Bush Budget Proposal Adds Homeland Security FundingBy Richard W. Stevenson
The New York Times -- WASHINGTON
President Bush proposed a $2.4 trillion budget on Monday that would substantially increase funding next year for national security but would cut or strictly limit spending on most domestic programs and, on paper at least, put the government on a path of declining deficits.
The release of Bush’s budget plan for the fiscal year that starts Oct. 1 amounted to a statement of the White House’s election-year priorities, and it underscored the degree to which the administration’s policy and political focus is on fighting terrorism and building up the military.
The budget immediately drew fire from Democrats, who said that its deficit reduction claims were illusory and that it would shortchange a broad range of national priorities to pay for the tax cuts Bush has pushed through Congress over the past three years.
The plan called for an increase in military spending of 7 percent, or $26.5 billion, to $401.7 billion. That figure did not include money, which the administration said could be as much as $50 billion, for continued military operations next year in Iraq and Afghanistan, an expense the administration said it would specify and seek funding for only after the presidential election.
For domestic security programs, the White House said it wanted a budget increase of 9.7 percent, or $2.7 billion, to $30.5 billion.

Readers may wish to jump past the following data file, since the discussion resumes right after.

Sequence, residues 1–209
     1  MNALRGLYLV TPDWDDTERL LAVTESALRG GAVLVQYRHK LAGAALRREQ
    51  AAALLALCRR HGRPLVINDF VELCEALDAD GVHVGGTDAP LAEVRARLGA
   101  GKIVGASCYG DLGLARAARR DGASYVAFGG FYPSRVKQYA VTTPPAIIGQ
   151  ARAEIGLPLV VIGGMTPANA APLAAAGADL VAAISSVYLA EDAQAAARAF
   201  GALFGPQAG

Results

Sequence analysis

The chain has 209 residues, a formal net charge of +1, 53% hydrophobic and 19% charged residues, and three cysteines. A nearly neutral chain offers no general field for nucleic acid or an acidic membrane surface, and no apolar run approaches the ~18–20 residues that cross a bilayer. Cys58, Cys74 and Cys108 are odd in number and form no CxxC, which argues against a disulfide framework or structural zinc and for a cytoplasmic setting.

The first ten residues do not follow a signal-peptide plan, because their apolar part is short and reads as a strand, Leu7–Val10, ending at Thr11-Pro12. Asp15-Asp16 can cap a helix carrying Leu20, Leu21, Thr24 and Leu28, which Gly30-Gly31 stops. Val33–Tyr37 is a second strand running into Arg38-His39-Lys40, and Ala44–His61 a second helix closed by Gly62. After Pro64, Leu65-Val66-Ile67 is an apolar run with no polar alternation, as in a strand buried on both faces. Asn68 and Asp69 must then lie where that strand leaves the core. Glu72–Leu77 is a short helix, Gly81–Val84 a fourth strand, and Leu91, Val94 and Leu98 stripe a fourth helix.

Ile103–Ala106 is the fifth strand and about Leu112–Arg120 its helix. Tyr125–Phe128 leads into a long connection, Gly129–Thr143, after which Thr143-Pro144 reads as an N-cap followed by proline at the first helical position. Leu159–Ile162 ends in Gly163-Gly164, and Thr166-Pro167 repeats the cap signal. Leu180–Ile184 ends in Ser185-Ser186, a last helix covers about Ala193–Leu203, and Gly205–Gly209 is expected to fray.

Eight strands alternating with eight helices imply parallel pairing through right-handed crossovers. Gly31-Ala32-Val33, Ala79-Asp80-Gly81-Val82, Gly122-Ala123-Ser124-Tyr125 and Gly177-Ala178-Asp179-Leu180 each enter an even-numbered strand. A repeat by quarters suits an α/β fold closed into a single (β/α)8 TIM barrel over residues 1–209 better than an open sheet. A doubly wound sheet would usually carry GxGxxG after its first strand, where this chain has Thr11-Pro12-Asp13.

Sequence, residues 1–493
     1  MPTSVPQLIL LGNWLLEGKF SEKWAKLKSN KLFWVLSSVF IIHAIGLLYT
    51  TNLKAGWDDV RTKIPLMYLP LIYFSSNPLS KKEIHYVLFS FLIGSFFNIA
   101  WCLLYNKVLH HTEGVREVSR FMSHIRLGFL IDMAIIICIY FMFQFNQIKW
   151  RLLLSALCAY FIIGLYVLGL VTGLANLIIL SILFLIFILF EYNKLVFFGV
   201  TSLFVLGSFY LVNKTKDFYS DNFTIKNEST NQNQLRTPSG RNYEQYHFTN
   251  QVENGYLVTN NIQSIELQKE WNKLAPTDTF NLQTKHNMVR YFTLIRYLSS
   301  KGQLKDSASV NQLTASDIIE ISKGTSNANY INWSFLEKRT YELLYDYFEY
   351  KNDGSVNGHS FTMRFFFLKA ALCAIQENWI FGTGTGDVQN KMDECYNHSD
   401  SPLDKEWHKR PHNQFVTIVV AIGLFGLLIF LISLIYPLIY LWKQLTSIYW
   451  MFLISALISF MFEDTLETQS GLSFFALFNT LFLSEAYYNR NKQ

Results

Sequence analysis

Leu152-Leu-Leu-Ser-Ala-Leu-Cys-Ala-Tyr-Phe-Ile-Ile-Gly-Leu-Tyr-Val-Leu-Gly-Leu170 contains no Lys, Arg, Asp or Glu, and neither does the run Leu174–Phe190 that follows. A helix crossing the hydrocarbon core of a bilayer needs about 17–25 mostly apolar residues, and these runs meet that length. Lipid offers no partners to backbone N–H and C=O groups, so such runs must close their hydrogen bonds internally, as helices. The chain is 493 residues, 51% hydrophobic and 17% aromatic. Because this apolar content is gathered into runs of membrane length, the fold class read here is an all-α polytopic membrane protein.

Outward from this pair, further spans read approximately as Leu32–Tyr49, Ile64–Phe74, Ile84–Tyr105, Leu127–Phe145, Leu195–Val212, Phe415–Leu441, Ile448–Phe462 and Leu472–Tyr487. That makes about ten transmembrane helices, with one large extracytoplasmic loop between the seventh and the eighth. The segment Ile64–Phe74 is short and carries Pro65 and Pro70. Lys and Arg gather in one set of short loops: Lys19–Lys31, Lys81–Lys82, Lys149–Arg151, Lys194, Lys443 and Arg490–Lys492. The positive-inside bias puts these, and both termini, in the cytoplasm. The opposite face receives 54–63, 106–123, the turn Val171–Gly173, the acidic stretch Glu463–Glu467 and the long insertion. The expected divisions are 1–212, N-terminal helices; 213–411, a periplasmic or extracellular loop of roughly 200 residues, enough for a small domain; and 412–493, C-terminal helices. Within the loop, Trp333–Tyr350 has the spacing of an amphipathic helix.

By contrast, the budget proposed that the overall growth in spending on other government operations outside of Social Security and Medicare -- a category that encompasses everything from the national parks to the National Institutes of Health -- be held to one-half of 1 percent, or $2 billion, to $386 billion.
Bush’s stringent spending plan would make exceptions for some politically sensitive issues like education, but it would generally require his own party, as the majority in Congress, to cut, freeze or kill many programs in the months leading up to Election Day. It asked Congress to hold spending on new and improved highways to $256 billion over the next six years, $119 billion less than authorized by legislation proposed by Republicans in the House. It called for the elimination of 65 government programs, including grants to companies pursuing new technologies and an initiative to tear down dilapidated public housing, and outright cuts in 63 more, including federal assistance to local law enforcement and research into ecosystems.
The budget showed Bush making good on his pledge to cut the deficit in half within five years from its projected level this year of $521 billion to $364 billion next year and $237 billion in 2009.
But the White House did not provide any figures on what would happen to the deficit in the years beyond the next half-decade, when the president’s call to make permanent the 10-year tax cuts he pushed through Congress in 2001 and 2003 would show up in the budget. And to show he could meet the deficit reduction target in the next five years, the president left out of his calculations any money for a number of needs that both parties say will have to be met.
Democrats pointed in particular to Bush’s decision to delay requesting additional money to pay for the occupation of Iraq and continued military operations in Afghanistan, saying the failure to include any spending estimate for that purpose was just one example of fiscal gimmickry in the budget.